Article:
Eurozone finance ministers have agreed a new system for dealing with failing European banks, with the agreement being seen as an important step toward creating a European ‘banking union’. Emmanuel Mourlon-Druol writes that while the aim of creating a banking union has been portrayed as a relatively recent phenomenon, it has a much longer history stretching back to the early […]
Conspiracy theories have long played a part in political debates. Following the recent meeting of the Bilderberg group in Watford, Joseph E. Uscinski assesses why the popularity of conspiracy theories has proven so resilient. He argues that some of the most common explanations, such as the notion that a belief in conspiracy theories reflects psychological defects like paranoia or mental […]
Outrage over tax avoidance has bubbled up this week with the visit of Google’s executive chairman Eric Schmidt to the UK. The crucial agreement that has brought criticism of Google is that the sale of a product over the internet is treated just like the sale of its physical equivalent, and therefore taxed in the country where the company is […]
Five minutes with Saskia Sassen: “The issue right now is not the lack of discipline in Eurozone economies; it’s the financialisation of everything”
Has the Eurozone crisis undermined Europe’s place in the world? In an interview with EUROPP’s editors Stuart A Brown and Chris Gilson, Saskia Sassen discusses the role of finance in the crisis, the threat posed by transnational systems of surveillance, and the potential for public disorder to give a political voice to the powerless. In your view, what is the […]
The current crisis in the eurozone has roots going back four decades to the negotiations that eventually led to the introduction of the Euro. In A Europe Made of Money, Emmanuel Mourlon-Druol examines those negotiations and the politics and motivations of those that participated. Aidan Regan finds that the book illustrates the important role played by political elites and EU […]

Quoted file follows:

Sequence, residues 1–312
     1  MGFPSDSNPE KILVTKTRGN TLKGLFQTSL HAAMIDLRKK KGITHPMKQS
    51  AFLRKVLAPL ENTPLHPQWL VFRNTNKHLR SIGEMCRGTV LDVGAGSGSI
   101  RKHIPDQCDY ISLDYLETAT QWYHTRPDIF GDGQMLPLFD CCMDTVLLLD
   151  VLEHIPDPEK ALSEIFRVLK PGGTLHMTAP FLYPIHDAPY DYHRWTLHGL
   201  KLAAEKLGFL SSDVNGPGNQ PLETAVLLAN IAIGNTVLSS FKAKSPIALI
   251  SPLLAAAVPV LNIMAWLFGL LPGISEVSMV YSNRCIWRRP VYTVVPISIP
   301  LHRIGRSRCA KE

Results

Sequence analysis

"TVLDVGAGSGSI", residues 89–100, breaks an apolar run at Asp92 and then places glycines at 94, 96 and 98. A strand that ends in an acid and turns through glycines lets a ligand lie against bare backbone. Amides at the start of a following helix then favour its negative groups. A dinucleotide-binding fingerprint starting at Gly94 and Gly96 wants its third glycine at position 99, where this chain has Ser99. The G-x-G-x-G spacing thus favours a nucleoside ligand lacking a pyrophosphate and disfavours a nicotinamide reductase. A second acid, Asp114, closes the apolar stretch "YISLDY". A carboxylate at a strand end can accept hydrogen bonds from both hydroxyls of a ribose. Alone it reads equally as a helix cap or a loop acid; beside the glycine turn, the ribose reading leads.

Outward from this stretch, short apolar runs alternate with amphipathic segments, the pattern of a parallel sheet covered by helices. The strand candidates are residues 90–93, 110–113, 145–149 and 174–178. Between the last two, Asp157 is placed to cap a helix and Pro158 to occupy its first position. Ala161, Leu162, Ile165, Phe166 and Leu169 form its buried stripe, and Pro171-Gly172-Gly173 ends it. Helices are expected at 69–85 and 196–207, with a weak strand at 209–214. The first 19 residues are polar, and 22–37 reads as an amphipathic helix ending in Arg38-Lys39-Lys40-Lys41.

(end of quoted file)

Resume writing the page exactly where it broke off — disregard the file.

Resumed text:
A cap on bankers’ bonuses is needed to limit excessive risk taking and the associated costs to the taxpayer.
A provisional EU agreement has been reached on the principle of capping bonuses in the European banking industry. Sony Kapoor and Philippe Lamberts present a case in favour of such a cap, arguing that the current skewed incentives faced by bankers drive excessive risk-taking, which ultimately has to be paid for by taxpayers. The European Parliament is right to limit […]
A European federal economic government is needed to run the fiscal union in the interests of states and taxpayers.
The UK coalition government’s recent policy towards Europe has had the effect of driving the country away from the EU – and potentially out of it altogether, writes Andrew Duff MEP. He argues that while the UK is pushing itself away, the EU is now preaching, if not practicing, enhanced cooperation. But this is no longer enough to tackle the […]
If Greece does not do enough to convince its creditors to maintain the flow of funding, it will be in default. But this does not necessarily mean a Euro exit.
Following elections earlier this month, Greece’s political parties failed to form a government, and fresh elections are now set for June. Christopher Alessi of the European Council on Foreign relations interviews the LSE’s Iain Begg, who argues that while the political and economic uncertainty in Greece is likely to have a dampening effect on the global economy by aggravating uncertainty, […]